Superfood Spotlight: Miso
4.6.12

Many of us have been to a Japanese restaurant and had a cup of soothing and delicious miso soup as a light meal or a side dish. Commercialized miso has been stripped of its true nutritional benefits through processing and pasteurization. True miso is fermented and is very much a live food product, packed with healthy flora. Miso dates back to 3rd century China, but was adopted by Buddhists and Japanese cultures. Miso can be made from beans, grains and seaweeds through the fermentation process, which is similar to wine or kombucha. True miso consists of a thick buttery paste that melts in warm liquid for soups or can be used as a spread, sauce or gravy. The trick to choosing high quality miso is to find the tubs that are refrigerated and marked unpasteurized to ensure enzyme activity.

After the atomic bomb in Nagasaki, Japan, Dr. Akizuki fed his patients a diet rich in sea vegetables and miso, limiting their consumption of sweets and sugar. The patients at Dr. Akizuki’s hospital were only one mile from the bombsite, but everyone survived. Many people outside the hospital perished due to radiation exposure. Try adding miso to your diet, whether it’s a nice bowl of soup with veggies, a glaze to a piece of fish or a spread for a raw cracker. There is no mistaking miso is a tasty healthy culture to incorporate into your diet. Oshawa makes an excellent unpasteurized miso paste, which can be purchased at many health food stores or MCafe in Los Angeles.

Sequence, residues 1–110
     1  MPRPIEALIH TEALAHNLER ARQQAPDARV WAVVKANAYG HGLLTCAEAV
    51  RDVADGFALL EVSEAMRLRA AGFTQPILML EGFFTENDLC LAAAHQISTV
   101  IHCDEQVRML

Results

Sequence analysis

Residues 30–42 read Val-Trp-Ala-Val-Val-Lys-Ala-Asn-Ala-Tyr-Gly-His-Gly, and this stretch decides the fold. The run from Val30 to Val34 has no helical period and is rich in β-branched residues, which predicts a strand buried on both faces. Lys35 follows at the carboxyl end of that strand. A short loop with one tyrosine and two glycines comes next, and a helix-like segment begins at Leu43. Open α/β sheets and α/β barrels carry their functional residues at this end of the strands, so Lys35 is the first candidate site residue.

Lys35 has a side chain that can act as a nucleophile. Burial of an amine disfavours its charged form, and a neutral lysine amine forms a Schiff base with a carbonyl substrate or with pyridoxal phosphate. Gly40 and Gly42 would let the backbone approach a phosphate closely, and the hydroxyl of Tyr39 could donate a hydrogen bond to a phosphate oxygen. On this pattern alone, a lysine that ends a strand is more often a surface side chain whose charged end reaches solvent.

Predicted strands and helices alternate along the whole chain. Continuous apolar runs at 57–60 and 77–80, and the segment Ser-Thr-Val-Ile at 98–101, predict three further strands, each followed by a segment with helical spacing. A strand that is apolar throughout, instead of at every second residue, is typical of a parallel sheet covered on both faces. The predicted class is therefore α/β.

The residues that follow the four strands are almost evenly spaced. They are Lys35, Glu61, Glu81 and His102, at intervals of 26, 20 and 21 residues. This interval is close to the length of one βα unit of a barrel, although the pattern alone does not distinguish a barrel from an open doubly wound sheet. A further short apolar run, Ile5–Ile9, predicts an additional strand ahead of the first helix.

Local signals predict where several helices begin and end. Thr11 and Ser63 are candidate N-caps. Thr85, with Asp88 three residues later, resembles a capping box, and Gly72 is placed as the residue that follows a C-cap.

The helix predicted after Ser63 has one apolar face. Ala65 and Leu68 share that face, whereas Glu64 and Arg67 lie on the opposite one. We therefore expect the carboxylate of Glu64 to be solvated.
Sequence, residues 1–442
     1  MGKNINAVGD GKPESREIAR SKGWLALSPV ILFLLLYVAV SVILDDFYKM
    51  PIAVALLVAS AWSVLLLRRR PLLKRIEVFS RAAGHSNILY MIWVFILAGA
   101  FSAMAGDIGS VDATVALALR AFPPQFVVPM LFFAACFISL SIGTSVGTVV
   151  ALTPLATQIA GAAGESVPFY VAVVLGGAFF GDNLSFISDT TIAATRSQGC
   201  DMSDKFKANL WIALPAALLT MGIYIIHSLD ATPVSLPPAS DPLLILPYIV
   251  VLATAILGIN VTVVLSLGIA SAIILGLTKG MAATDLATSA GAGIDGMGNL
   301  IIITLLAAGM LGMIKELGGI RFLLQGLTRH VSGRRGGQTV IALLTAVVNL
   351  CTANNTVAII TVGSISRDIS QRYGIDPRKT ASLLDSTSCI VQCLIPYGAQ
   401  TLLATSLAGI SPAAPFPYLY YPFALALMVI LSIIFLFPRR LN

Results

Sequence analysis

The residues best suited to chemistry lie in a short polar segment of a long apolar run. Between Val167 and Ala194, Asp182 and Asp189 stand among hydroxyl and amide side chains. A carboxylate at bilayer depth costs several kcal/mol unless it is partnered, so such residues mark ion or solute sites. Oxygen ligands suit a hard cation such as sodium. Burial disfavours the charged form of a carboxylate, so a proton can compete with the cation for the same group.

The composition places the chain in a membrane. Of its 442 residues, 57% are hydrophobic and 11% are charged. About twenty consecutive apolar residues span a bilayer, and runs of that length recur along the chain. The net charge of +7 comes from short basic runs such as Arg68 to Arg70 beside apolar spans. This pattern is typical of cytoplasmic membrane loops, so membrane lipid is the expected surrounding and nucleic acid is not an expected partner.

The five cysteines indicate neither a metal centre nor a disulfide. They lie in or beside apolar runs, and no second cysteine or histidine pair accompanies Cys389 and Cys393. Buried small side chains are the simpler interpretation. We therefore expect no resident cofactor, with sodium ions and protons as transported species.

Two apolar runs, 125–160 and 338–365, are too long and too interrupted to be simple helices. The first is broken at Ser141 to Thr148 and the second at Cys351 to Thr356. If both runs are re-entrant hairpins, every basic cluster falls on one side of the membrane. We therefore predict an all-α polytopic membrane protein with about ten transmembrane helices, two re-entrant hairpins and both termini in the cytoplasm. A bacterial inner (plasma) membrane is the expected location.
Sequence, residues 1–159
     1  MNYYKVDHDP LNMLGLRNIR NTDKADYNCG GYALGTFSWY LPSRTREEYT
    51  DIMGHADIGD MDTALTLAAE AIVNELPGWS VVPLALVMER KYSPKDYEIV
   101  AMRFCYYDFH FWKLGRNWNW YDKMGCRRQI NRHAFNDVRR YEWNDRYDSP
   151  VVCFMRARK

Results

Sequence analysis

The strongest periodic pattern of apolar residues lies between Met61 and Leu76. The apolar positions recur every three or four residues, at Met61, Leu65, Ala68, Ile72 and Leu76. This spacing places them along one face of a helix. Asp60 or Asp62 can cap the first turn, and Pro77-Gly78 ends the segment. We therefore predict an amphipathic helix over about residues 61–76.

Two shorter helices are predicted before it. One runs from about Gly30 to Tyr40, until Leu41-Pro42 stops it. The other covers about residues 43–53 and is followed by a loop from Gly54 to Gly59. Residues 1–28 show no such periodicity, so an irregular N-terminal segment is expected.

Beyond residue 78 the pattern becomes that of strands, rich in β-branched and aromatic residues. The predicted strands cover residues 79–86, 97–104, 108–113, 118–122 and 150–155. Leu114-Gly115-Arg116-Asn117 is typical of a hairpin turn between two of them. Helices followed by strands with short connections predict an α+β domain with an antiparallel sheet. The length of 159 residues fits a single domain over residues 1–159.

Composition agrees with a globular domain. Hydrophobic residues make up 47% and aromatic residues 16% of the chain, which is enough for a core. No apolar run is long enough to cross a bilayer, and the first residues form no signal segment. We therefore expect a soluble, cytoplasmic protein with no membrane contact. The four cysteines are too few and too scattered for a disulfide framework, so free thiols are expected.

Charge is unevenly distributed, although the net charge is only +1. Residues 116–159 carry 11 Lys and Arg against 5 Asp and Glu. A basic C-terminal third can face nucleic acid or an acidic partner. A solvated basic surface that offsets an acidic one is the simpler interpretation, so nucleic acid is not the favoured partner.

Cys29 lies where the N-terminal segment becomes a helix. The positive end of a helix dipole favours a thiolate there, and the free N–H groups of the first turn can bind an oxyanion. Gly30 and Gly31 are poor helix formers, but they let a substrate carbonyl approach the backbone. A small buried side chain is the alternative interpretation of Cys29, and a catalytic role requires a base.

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  1. [...] ( or raw almond butter) 1/2-1 cup water for desired consistency 2.5 cups shitake mushrooms 1 tbsp unpasteurized miso paste 1-2 cloves garlic 1 tbsp chia seeds optional: 1 tbsp dulse [...]

  2. [...] ( or raw almond butter) 1/2-1 cup water for desired consistency 2.5 cups shitake mushrooms 1 tbsp unpasteurized organic miso paste 1-2 cloves garlic 1 tbsp chia seeds optional: 1 tbsp dulse [...]


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